In the case of the opioid epidemic, history is literally repeating itself. Once again, too many Americans are dying of drug overdoses, and too many already vulnerable communities are being torn apart. Like our predecessors at the turn of the last century, we are asking what can be done to change the situation. Unlike them, we already know the answers. They solved the quandary for us.

First, we must hold doctors accountable—with fines and possible jail sentences—for overprescribing habit-forming drugs in the interest of profits. That was one of the immediate steps taken in the wake of stories like Henderson’s, and it quickly showed results.

We also must understand that if our nation’s health care remains a privatized, for-profit industry, the incentive to sell potent drugs to addicts will always exist. The health care industry was largely unregulated in the late 19th century; “buyer beware” applied to quack cures as much as to medical advice, and at first there was nothing the government could do to prevent doctors from overprescribing morphine.

Eventually, though, legislators stepped in with regulations on morphine and other products. And even though the health care industry is no longer the Wild West, we have lost our appreciation of the power of regulation to stop drug epidemics.

There are also lessons that need to be unlearned. While physicians and politicians of the late 19th century made significant progress in arresting the worst features of the opiate epidemic, they tended to overreact when it came to the context of the epidemic. This led to a shameful media campaign against Chinese immigrants, who often kept opium dens, and the demonization of Italians, Russian Jews, African-Americans, Mexicans, teenagers, musicians—anyone who, according to stereotypes, was among the typical abusers. We do the same today, at our peril.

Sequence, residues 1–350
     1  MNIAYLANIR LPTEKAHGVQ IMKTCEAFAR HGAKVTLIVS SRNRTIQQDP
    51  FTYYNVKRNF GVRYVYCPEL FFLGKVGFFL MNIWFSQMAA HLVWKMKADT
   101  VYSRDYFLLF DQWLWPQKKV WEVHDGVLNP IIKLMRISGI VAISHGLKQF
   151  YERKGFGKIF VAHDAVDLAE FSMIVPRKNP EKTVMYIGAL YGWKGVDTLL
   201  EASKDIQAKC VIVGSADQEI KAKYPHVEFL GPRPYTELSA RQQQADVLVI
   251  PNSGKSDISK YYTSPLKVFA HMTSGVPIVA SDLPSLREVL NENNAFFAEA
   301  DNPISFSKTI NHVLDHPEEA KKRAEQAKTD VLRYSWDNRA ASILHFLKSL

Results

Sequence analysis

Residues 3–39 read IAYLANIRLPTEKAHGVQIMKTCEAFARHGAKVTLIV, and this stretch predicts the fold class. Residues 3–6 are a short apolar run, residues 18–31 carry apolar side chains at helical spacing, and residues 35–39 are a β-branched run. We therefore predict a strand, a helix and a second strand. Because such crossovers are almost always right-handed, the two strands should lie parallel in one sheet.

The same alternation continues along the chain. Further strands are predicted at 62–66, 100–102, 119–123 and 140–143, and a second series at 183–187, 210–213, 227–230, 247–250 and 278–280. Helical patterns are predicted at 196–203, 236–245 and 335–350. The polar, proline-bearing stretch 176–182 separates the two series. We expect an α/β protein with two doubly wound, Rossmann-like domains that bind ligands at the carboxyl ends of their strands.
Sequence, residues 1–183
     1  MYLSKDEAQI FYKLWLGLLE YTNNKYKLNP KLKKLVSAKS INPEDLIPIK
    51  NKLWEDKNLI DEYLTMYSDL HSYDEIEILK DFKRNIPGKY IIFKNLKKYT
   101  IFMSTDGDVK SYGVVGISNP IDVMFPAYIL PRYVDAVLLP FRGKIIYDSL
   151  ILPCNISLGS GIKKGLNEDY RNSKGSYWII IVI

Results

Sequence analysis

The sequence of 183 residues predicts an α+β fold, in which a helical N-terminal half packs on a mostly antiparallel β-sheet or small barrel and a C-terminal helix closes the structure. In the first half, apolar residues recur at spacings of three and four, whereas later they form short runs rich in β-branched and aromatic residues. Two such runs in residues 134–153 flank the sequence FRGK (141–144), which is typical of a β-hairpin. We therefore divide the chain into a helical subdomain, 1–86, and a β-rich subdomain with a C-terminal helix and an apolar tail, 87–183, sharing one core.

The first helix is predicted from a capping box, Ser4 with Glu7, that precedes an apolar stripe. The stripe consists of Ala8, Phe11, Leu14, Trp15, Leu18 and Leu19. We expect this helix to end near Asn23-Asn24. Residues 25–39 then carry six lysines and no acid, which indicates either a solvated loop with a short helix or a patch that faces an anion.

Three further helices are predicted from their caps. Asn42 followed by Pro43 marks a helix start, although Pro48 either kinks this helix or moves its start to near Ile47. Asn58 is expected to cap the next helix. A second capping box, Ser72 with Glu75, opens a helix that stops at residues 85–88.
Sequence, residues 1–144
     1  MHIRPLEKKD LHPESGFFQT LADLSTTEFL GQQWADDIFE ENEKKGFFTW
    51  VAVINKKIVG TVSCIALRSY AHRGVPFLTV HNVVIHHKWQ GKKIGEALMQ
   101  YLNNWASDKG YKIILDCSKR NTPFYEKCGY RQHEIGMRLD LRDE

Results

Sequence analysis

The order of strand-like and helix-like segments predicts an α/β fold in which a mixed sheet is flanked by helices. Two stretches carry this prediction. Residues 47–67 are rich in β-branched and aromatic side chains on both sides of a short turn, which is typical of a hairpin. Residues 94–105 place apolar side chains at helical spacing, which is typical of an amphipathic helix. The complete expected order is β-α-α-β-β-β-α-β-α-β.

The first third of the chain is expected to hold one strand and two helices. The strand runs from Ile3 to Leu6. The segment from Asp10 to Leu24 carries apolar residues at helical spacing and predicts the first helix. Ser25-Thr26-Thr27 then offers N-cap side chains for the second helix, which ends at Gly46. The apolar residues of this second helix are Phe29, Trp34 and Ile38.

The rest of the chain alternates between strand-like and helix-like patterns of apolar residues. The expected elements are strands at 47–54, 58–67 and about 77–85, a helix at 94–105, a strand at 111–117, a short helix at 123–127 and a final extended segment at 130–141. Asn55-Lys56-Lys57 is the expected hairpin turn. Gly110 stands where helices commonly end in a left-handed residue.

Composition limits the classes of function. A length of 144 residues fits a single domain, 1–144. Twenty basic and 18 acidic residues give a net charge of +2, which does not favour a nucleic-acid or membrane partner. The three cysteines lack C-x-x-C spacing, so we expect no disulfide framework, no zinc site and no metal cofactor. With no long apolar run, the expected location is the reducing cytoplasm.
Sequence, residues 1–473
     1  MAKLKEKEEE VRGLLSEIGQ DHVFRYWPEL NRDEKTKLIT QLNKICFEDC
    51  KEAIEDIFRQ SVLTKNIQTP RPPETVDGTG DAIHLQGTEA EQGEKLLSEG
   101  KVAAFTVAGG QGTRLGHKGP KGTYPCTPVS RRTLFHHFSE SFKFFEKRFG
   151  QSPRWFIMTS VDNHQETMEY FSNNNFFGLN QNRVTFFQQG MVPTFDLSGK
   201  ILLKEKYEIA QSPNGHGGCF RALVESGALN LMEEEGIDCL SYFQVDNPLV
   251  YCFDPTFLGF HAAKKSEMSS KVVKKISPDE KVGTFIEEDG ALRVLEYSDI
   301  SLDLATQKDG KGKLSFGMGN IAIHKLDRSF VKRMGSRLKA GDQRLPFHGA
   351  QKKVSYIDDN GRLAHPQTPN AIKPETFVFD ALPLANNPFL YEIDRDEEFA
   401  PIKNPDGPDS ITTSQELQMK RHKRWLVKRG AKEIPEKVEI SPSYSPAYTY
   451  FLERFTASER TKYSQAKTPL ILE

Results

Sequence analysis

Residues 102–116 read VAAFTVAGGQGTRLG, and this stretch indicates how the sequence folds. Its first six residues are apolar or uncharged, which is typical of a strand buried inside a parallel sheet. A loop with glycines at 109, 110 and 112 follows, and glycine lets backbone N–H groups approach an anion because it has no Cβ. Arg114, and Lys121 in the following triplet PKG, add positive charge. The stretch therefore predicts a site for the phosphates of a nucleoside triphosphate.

They also allowed the campaign against opium to justify a general attack on all drugs, even those that present a much lower risk to public health. We are only now beginning to roll back excessive laws on cannabis, for example, because it is painfully clear that the reasons behind its prohibition had more to do with racial prejudice and social hysteria than with public health concerns. Too often we imagine that our opioid crisis is new; the fact that it has been around, to varying degrees, for 150 years is a frustrating, even heartbreaking thought. But we can also take inspiration from the fact that we have tackled the problem before, and have won.

The difficult part is developing the will to confront the powerful interests that drive overprescription on one hand and overcriminalization on the other. We need politicians willing to impose new laws and to regulate the pharmaceutical and medical marketplaces in a far more disciplined way. This typically happens at the local level first and gradually makes its way into national policy.

We have to maintain our emotional composure, avoid press hyperbole and abandon our impulse to racialize the issue. The tendency to incarcerate our problems often results in entire generations of less fortunate Americans leaving high school for jail. If we do not know our drug history, we can be sure there will be many more Ella Hendersons in our future.

—©2018 The New York Times

Published: 22-05-2018 07:34

Next Story

User's Feedback

Click here for your comments

Comment via Facebook

Don't have facebook account? Use this form to comment